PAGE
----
Plato’s Republic: A Compendium of Bad Ideas?

“So she’s all ‘you expect me to believe you’re out ‘talking philosophy’ with the boys till all hours at some ‘symposium’ or other? ” “Tell me about it!”

First up on my Education (re)reading list is the Republic. Almost done. Before we get to all the bad ideas, a few general observations:

  1. I never know when Socrates is being serious. My guess is almost never. He is clearly laying it all on the line in the Gorgias, which is why that’s my favorite dialogue; he equally clearly messing with people in the Meno and the Ion – his interlocutors in both cases are so far out of their depth trying to go at it with Socrates that messing with them is about all he can do. Sure, sure, he has points to make about not falling for the conventional and thinking for one’s self and all that, but he’s messing with them all the same – the ideas expressed are not to be taken entirely seriously.
  2. So, in the Republic – what, if anything, that Socrates says should we take seriously? I reminded my kids, who read or are about to read the Republic for school, that Socrates was at the time talking outside the city walls of an Athens that had recently fallen under the heel of Sparta, and that his ideal city is pretty much an idealized Sparta. So, is the Republic a social commentary of some sort, a protest in the form of damning with overly-effusive praise the hick conquerors of the proud Athenians? I’ve never figured out what, exactly, the Republic is supposed to be.
  3. It is important, perhaps, to note that Plato, in his Academy, was explicitly trying to train up political leaders, in the sense of leaders of the polis. Since the kind of true education as understood by the Greeks was a form of friendship, the number of men Plato could educate at any one time was limited. Thus, filtering out the few gold-souled men was a priority. He achieved this partly by means of mathematics: he found that people who had both the talent and the drive to really get math (and, for the Greeks, math was almost entirely a branch of logic) were also suited to be leaders (I wish we could get Bernie to think about this…). Could it also be that the Dialogues could also serve this purpose? People who focused on the subject matter on the surface and missed any deeper implications – iron or silver souled? Not suitable for leadership? In other words, the layers and contradictions are there for a particular purpose? (a)
  4. On a more mundane and petty note:

Joseph: But, Socrates, clearly the shepherd does not raise the sheep for the good of the sheep, but rather for the good of those who would eat the sheep.

Socrates: But is not preparing the sheep for eating the art of the cook, and not of the shepherd?

J: Not at all, or, at least, not entirely, as I can illustrate if you’ll allow me.

S: Go on.

J: Thank you. Suppose there were an herb the eating of which was very healthful for the sheep, but that tended to make the meat of such sheep inedible. By your argument, the shepherd, with the interest of the sheep in mind, would nonetheless allow his sheep to eat this herb so that the sheep would lead long, healthy lives – especially since no one would be eager to kill them for the table. I say no shepherd would do this, because his real interest is in producing healthy sheep *for eating*, not healthy sheep in and for themselves.

S. Um…

J: And as to this whole ‘everybody is best when he sticks to one thing only’ that needs a whole lot more discussion before I’m buying it. You yourself, O Socrates, have been a stone mason, a soldier, a husband, a father, and a philosopher. All men, I would say, must serve many roles to be truly men. While I’m sure Xanthippe has an interesting opinion on you as a husband and father, I’m not sure her complaints could properly be excused as just a result of you being forced to do more than one thing. In fact, this whole ‘wives and children held in common’ bit you’ve bee on about seems like a marital spat disguised as philosophy.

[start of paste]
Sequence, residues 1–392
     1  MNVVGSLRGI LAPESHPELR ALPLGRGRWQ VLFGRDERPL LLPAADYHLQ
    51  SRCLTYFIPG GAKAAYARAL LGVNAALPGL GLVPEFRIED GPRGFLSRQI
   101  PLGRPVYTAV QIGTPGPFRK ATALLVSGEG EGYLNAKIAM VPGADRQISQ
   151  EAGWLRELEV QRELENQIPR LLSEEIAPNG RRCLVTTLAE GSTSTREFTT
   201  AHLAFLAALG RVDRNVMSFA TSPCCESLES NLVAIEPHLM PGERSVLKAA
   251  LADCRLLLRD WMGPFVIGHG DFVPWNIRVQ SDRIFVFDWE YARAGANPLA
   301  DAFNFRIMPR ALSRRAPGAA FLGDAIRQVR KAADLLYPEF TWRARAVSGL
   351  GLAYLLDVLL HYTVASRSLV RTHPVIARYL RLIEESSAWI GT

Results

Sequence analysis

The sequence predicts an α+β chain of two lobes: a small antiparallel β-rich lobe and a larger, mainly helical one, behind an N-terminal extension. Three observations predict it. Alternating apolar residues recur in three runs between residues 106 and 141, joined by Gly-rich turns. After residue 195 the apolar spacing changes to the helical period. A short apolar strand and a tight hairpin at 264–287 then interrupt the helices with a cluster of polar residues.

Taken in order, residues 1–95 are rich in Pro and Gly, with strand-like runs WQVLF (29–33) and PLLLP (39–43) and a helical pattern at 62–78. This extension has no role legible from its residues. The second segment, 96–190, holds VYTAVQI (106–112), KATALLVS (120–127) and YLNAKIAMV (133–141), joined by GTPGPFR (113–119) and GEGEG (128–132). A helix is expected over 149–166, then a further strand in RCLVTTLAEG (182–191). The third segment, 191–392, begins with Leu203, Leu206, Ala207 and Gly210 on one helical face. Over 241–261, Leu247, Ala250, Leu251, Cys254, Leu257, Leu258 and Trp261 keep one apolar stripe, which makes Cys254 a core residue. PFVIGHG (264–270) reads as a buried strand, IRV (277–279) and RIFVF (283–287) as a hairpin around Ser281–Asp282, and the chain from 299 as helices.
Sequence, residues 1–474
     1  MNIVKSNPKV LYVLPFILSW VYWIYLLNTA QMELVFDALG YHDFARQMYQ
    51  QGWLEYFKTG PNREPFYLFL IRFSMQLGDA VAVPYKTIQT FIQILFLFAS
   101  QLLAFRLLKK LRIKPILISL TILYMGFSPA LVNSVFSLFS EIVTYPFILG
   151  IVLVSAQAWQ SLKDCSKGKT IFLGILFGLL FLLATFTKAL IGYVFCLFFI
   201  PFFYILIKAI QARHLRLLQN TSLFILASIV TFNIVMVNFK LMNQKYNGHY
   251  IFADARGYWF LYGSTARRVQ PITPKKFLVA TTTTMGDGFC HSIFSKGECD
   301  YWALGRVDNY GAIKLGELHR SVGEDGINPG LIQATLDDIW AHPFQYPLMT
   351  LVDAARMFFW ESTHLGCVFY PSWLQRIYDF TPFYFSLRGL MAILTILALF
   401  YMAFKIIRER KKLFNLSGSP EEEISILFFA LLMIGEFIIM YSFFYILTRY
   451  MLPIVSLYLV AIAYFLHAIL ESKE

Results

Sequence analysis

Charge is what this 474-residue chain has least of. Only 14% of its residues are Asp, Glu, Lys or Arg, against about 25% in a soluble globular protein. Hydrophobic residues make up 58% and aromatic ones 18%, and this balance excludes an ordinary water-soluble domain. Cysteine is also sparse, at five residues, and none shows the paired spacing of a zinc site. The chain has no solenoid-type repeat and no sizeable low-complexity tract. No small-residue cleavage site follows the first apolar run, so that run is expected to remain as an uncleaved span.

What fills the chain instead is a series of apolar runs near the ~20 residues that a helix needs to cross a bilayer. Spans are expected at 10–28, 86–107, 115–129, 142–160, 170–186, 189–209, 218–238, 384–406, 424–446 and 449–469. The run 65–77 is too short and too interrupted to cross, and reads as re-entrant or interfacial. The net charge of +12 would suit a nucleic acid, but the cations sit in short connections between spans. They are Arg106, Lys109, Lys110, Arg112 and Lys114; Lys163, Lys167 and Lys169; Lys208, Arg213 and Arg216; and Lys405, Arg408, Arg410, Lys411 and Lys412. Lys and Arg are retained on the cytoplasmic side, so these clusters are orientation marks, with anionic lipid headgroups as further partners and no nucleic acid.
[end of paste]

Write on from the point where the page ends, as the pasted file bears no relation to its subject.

S: Hey!

J: Throw in the ‘naked gymnastics for women’ bit, and we’ve got a hen-pecked husband fantasy Bingo! on our hands.

S: It would be better for the state…

J: Riiiight.

Ya know?

 

a. This means I’m accusing myself of being unfit for leadership, since I can’t figure it out. Like I needed a test to point that out?

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Author: Joseph Moore

Enough with the smarty-pants Dante quote. Just some opinionated blogger dude.

11 thoughts on “Plato’s Republic: A Compendium of Bad Ideas?”

  1. Plato was only an aristocratic dude that wanted the justification of elitism. With philosopher king you kind of ensure exclusivity on the basis of something unr kings ymeasurable or testable.

  2. Plato was an aristocrat that wanted to justify the rule by an elite rather than the rabble of the public. The philosopher king ensures exclusivity and is justified by the fact that “its something about their very essence” and it is you “essence” which makes you unfit for a noble role in society. Plato and Socrates were full of crap imo. Socrates deconstructed everything and Plato used that to create arguments to justify a tyrannical, elitist worldview.

    1. Thanks for commenting.

      Let’s seek depth:

      1. Socrates (470/469 – 399 BC) and his younger contemporary Plato (424/423 – 348/347 BC) lived during the time of the Peloponnesian War (431–404 BC). Greece at this time consisted of a number of more or less independent city states that had a wide array of governments. Athens itself went through democracies, aristocracies, and tyrannies, and getting conquered by the Spartans during this time. So, Plato in the Republic is not *just* pitching for an aristocracy – strictly, as he uses it, rule by the best – but is weighing all the various forms of government he himself lived through against each other. Few if any of us have anything like that depth of experience.
      2. The idealized aristocrat described by Socrates and Plato bore little resemblance to the real live aristocrats alive at that (or any other) time. Most of them dismissed if not despised Socrates if they knew him at all – a good example would be Callicles, a prominent contemporary politician who takes Socrates on in the Gorgias – he is a champion of defining Virtue as: the ability to reward your friends, punish your enemies, and indulge your every whim – an ever popular definition alive and well today, and the basis of Realpolitik between states – as Thucydides recounts, the strong do what they will, and the weak suffer what they must. Socrates and Plato fought tooth and nail against these ideas, as any reading of the Dialogues reveals.
      3. Speaking of the dialogues, only a small fraction of the discussions are concerned with good government. Mostly, Socrates is interested in the Good, the True and the Beautiful, and what constitutes virtue and the good life. These discussions are the foundation of Western philosophy, the breeding grounds for Aristotle, and, ultimately, logic, science and the most free and equitable civilization the world has ever known. It’s not deep to dismiss such a massive and profound set of works as mere apologetic for rich guys.